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**8. Newton's law of cooling**

According to this law, if the temperature T of the body is not very different from that of the surroundings T_{0}, then rate of cooling - is proportional to the temperature difference between them. To prove it let us assume that

T = T_{0} + Dt

if the temperature difference is small.

Thus, rate of cooling

or

as dT = dq or DT = Dq

**8.1 Variation of temperature of a body according to Newton's law **

Suppose a body has a temperature q_{i} at time t = 0. It is placed in an atmosphere whose temperature is q_{0}. We are interested in finding the temperature of the body at time t, assuming Newton's law of cooling to hold good or by assuming that the temperature difference is small. As per this law,

rate of cooling µ temperature difference

or or

Here is a constant

From this expression we see that q = q_{i} at t = 0 and q = q_{0 }at t = ¥, i.e., temperature of the body varies exponentially with time from q_{i} to q_{0} (< q_{i}). The temperature versus time graph is a shown in figure.

**Note : **If the body cools by radiation from q_{1} to q_{2} in time t, then taking the approximation

and

The equation becomes

This form of the law helps in solving numerical problems related to **Newton's law of cooling. **

**8.2 Limitations of Newton's Law of Cooling : **

(a) The difference in temperature between the body and surroundings must be small

(b) The loss of heat from the body should be radiation only.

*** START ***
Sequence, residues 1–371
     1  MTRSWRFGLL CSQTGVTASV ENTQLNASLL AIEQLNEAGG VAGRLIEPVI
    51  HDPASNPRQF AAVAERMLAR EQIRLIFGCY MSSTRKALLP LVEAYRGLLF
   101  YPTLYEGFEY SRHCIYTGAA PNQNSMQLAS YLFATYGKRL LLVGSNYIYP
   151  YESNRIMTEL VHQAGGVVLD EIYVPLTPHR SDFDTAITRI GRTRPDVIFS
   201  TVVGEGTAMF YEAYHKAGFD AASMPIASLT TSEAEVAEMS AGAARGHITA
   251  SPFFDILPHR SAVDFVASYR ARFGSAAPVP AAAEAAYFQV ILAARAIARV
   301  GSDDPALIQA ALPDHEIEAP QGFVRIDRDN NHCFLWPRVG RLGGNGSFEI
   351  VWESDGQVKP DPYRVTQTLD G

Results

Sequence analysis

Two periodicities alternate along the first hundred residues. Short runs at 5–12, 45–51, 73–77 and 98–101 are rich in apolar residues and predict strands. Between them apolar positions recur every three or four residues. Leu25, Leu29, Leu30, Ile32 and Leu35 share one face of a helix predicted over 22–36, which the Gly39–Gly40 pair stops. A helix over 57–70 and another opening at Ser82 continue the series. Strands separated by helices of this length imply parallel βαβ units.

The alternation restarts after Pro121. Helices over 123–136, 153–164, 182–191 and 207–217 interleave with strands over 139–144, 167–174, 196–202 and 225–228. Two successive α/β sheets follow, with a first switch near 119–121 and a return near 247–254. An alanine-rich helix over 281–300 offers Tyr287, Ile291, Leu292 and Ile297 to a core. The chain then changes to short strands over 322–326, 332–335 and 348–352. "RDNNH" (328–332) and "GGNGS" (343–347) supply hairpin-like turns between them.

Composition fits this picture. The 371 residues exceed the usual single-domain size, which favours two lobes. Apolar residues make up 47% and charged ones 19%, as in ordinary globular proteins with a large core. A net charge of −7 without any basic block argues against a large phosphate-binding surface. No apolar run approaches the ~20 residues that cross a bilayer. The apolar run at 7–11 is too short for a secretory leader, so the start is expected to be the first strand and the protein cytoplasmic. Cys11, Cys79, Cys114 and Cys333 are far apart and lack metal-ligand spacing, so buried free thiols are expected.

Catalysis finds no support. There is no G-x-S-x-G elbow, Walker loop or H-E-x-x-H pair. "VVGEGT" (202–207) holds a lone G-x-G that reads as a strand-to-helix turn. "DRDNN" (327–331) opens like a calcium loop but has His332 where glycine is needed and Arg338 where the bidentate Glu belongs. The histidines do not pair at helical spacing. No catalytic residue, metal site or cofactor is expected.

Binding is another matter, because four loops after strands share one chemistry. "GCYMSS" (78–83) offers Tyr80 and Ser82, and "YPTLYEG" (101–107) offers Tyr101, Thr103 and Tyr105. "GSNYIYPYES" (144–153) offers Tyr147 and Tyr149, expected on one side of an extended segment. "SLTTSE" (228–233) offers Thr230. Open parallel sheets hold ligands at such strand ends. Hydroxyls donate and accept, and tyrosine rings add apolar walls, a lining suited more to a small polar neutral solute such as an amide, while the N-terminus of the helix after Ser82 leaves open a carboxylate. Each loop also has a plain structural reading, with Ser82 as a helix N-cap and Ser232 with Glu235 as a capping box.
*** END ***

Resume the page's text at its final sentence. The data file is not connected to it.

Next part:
(c) The temperature of surroundings must remain constant during the cooling of the body.

**Ex.20 A body at temperature 40°C is kept in a surrounding of constant temperature 20°C. It is observed that its temperature falls to 35°C in 10 minutes. Find how much more time will it take for the body to attain a temperature of 30°C. **

**Sol.**

for the interval in which temperature falls from 40 to 35°C

for the next interval

(30 - 20) = (35 - 20) e^{-kt}

**Alter:** (by approximate method)

for the interval in which temperature falls from 40 to 35°C

from equation

for the interval in which temperature falls from 35°C to 30°C

from equation (14.4)

⇒ required time,

**9. NATURE OF THERMAL RADIATIONS : (WIEN'S DISPLACEMENT LAW) **

From the energy distribution curve of black body radiation, the following conclusions can be drawn :

**(a) **The higher the temperature of a body, the higher is the area under the curve i.e. more amount of energy is emitted by the body at higher temperature.

**(b) **The energy emitted by the body at different temperatures is not uniform. For both long and short wavelengths, the energy emitted is very small.

**(c) **For a given temperature, there is a particular wavelength (l_{m}) for which the energy emitted (E_{l}) is maximum

**(d) ** With an increase in the temperature of the black body, the maxima of the curves shift towards shorter wavelengths.

From the study of energy distribution of black body radiation discussed as above, it was established experimentally that the wavelength (l_{m}) corresponding to maximum intensity of emission decreases inversely with increase in the temperature of the black body. i.e.

This is called Wien's displacement law.

Here b = 0.282 cm-K, is the Wien's constant.

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